Study: Many With Epilepsy Fear Workplace Discrimination
By Dave Reynolds, Inclusion Daily Express
December 12, 2006
JACKSONVILLE, FLORIDA--Many people with epilepsy avoid looking for or applying for jobs because they fear workplace discrimination, a University of Florida study has found.
Researchers interviewed nearly 300 people in Florida and Georgia last year and asked them, among other things, whether they were working and, if they were not, why.
They found that a fear of discrimination based on their epilepsy was the number one reason given for unemployment. The researchers did not examine whether or not there had, in fact, been discrimination.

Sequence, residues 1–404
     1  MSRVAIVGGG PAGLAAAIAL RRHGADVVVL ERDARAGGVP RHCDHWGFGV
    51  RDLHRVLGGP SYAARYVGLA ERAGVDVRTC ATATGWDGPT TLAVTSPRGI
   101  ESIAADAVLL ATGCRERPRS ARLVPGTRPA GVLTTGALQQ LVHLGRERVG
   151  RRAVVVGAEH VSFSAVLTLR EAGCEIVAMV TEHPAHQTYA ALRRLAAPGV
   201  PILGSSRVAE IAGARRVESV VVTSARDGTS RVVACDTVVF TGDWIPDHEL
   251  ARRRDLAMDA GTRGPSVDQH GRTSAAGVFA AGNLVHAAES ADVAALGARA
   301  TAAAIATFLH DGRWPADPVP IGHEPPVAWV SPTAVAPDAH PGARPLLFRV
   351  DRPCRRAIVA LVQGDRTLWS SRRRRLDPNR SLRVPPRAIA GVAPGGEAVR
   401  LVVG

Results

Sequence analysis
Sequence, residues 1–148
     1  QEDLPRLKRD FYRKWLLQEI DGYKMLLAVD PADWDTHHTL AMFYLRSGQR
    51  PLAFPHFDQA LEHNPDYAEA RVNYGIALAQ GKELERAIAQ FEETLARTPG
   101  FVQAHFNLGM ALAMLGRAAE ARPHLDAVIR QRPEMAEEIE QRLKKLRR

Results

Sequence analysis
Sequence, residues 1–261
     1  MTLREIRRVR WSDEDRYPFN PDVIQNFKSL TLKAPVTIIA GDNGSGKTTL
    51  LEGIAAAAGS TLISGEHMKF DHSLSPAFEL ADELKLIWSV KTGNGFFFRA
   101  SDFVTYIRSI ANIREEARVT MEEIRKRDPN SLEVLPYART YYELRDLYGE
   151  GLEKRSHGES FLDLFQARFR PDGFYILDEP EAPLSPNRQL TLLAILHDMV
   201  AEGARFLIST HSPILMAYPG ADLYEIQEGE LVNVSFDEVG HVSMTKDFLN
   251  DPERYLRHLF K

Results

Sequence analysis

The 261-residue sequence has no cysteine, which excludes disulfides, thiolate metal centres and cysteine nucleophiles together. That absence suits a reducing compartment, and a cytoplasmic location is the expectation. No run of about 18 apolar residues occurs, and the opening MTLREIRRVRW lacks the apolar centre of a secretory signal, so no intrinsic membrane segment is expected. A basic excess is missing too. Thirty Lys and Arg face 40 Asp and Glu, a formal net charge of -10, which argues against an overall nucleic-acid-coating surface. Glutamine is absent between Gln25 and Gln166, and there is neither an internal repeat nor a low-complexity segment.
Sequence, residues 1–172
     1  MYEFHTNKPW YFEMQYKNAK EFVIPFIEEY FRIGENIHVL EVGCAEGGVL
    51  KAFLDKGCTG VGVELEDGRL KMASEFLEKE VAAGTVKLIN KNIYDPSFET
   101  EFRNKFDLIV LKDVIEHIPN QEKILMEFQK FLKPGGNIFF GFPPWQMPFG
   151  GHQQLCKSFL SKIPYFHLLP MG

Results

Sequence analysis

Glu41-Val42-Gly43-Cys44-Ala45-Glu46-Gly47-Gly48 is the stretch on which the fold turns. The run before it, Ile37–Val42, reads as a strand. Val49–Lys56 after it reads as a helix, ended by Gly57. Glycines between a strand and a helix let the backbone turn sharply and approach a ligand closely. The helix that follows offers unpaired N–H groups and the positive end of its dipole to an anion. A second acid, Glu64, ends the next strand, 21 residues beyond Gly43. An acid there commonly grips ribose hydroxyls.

In a press statement, the study's principal author Dr. Ramon Bautista said that they were not surprised to find that people with epilepsy had avoided work, but that the study "shows that if they perceive they are discriminated against at work, they're not going to work -- whether rightly or wrongly."
"Even though the Americans with Disabilities Act makes it illegal to discriminate on the basis of one's disability, there are still employers who may think twice about hiring someone with epilepsy," he added.
"UF study reveals fear of discrimination keeps many people with epilepsy out of the workplace"